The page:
Superstition has also become a habit for many poker players
People have held superstitions since time began and, while we tend to put less and less stock in them as societies continue to evolve, we’ve still managed to keep them going. One such worldwide example is the ‘knock on wood’ or ‘touch wood’ superstition that sees us doing exactly that after a positive statement to express a hope for our good luck (or avoidance of bad luck) to continue. And why did this superstition begin many moons ago? It derives, apparently, from the belief that malevolent spirits inhabited wood, and knocking on wood was supposed to prevent them from hearing us.
It might seem counterintuitive, given how ludicrous the above example is, to think that ostensibly logical, level-headed poker enthusiasts – in considerable numbers – hold a place in their approach to the game for superstitions. Moreover, it happens to the point that not only their behaviour but their actual decisions in a hand can be influenced by them. Of course there are unknowns and chance in poker, but the facts and probabilities remain constant, and within finite parameters. Why on earth would we trust in there being magical external factors coming into the equation?
Yet the poker world is awash with superstition, and we might be surprised that such unscientific habits are absolutely not restricted to amateurs and weaker players.
Note that our superstitions as poker players tend to be habit-oriented rather than involving serious compromises. A popular one, for example, is the ‘lucky’ card protector. Ask a player why they have a lucky dollar or a keyring from Vegas or a rabbit’s foot, and they’ll probably have a specific reason why they feel it brings them luck (By the way, I’ve never seen anyone with a rabbit’s foot, but I couldn’t resist including such an age-old cliché; and, surely, that’s unlucky for rabbits). However, players keep using them habitually for years despite results remaining essentially non-newsworthy.
Indeed, these are essentially token superstitions. Unless someone actually wants to let a card protector have an impact on their decision making while a hand plays out, they have no direct impact on players’ behaviour or approach. For other superstitions, in contrast, this is not the case…
Some, for example, tend to revolve around habitual, repetitive behaviours that players might claim are more an attempt at routine than superstition per se. Multiple WSOP bracelet winner, Jason Mercier, has in the past during a tournament made a point of repeating certain aspects of a successful previous day, no doubt in the hope that this in turn would lead to the same good result. Not only did this extend to having the same meals, but he even literally retraced his steps by taking the same routes to the venue. This kind of thing might seem a little extreme, but it’s not by any means limited to the poker world. Pro golf players have been known to maintain the same habits as a tournament progresses. Meanwhile, I’ve personally seen this kind of habitual superstitious behaviour in my days as a pro chess player. Again, there’s an argument that such an approach is merely to formulate a practical routine but, when presented with perfectly reasonable alternatives, or when for whatever reason the would-be magical pattern is broken, the negative reaction this elicits can be one of fear and even panic, like a spell has been broken.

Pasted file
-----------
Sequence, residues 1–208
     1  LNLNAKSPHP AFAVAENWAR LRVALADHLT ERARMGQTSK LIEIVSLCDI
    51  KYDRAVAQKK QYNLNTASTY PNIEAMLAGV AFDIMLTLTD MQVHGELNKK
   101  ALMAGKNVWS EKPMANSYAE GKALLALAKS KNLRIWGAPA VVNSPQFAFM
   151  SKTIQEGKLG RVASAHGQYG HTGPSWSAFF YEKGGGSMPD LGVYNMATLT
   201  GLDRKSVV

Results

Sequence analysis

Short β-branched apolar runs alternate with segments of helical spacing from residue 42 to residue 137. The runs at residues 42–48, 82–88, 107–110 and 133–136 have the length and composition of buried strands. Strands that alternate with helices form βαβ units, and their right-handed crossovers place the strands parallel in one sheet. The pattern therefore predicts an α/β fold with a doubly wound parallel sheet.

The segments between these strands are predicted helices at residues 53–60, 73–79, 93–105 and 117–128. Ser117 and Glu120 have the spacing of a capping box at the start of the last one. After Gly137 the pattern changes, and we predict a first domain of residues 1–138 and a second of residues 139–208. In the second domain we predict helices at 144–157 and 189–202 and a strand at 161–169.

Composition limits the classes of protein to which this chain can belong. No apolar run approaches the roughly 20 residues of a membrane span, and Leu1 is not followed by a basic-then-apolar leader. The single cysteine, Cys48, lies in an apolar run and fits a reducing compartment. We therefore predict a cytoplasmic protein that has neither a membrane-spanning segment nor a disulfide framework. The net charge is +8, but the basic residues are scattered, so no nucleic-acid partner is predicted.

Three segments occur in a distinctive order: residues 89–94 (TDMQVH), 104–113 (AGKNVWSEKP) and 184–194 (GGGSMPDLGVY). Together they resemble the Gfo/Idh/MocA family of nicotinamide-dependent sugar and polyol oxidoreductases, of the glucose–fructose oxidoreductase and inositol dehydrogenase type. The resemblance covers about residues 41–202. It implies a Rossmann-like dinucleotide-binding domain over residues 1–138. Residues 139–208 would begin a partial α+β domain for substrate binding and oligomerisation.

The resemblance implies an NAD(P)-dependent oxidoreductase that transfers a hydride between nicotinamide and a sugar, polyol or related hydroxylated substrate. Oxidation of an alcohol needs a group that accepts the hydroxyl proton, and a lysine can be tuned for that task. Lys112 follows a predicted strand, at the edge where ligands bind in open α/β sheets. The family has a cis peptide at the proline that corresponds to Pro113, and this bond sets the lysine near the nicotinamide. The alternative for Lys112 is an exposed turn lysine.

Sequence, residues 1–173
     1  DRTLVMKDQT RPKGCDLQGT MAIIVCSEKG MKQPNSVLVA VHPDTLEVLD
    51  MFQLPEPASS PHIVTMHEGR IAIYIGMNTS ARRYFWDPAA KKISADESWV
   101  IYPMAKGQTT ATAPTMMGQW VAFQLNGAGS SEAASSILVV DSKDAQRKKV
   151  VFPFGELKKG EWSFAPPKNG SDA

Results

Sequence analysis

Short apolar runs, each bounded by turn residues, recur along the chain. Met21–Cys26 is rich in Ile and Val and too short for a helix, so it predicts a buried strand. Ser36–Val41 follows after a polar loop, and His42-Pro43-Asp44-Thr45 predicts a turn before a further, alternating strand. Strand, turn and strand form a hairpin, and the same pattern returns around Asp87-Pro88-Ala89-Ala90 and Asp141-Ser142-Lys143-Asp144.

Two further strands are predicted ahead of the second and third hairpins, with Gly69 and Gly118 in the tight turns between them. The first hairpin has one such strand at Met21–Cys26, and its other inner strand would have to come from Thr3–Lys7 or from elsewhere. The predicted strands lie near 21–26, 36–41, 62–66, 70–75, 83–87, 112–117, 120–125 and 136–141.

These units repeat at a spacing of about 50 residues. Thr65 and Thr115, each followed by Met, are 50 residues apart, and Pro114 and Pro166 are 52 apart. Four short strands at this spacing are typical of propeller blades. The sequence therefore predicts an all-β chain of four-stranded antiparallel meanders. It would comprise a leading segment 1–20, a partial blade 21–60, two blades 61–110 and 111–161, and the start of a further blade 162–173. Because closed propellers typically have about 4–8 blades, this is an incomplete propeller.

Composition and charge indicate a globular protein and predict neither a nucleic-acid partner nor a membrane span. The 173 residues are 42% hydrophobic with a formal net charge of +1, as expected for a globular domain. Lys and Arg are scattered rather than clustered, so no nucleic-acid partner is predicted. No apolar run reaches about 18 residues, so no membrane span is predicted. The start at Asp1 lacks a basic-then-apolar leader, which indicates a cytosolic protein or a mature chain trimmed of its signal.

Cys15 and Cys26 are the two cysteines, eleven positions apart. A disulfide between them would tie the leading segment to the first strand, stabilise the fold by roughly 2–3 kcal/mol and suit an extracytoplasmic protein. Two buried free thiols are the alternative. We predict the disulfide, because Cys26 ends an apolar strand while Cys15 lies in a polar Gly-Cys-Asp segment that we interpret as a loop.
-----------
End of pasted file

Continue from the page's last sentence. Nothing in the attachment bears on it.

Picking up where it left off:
Deciding to wear the same clothes while on a winning streak through fear that changing a shirt (for example) might jinx a good run is more common than we might think. Obviously, even the best players will see such a streak come to an end sooner or later, in which case it’s (literally) all change. However, not allowing ourselves to change clothes when running well seems rather extreme, not to mention potentially unpleasant for those sitting nearby in a bricks and mortar environment.
Oranges and Cigarettes
This brings us nicely (or not so nicely) to a so-called superstition of a poker legend. To combat another potentially unpleasant situation in the days when smoking was allowed, the great Johnny Chan decided to bring along an orange, which he would sniff away at to enjoy citrusy smells instead of smoke and so on. Despite emphasising this specific, practical reason for bringing an orange along, after winning two WSOP titles he continued the habit, prompting others to do the same, and it assumed the status of being lucky…
Ironically, another famous player, Sammy Farha, had his own smoking-connected superstition, and if we thought bringing an orange to the table a strange habit, this is on another level! Despite playing second fiddle to the aptly named Chris Moneymaker by finishing runner-up in the 2003 WSOP Main Event, Farha certainly did make an impression by habitually having an unlit cigarette hanging out of his mouth. Bizarrely, we were to find out that he was a non-smoker! Legend has it that he was once offered a cigarette during a losing run and, although he wasn’t a smoker, he accepted. As luck would have it, his fortunes were subsequently transformed and, not wishing to mess with the poker gods, he continued with became his trademark lucky charm.
Everyone is, of course, free to choose how they approach the game, and many poker superstitions are simply insignificant and have no real influence over those who feel (more) comfortable or confident in, for example, wearing (or not wearing) certain colours, or bringing a would-be lucky charm that might have some kind of special personal significance to the table. However, there is a danger that if we take superstitions too seriously they can affect how we actually make decisions, or we create superstition-related conditions that we adhere to so obsessively that the result is detrimental to our behaviour or day to day practicalities. This is where the line could be crossed, and why the soundest advice might be to simply avoid superstitions altogether.
Have fun at the tables!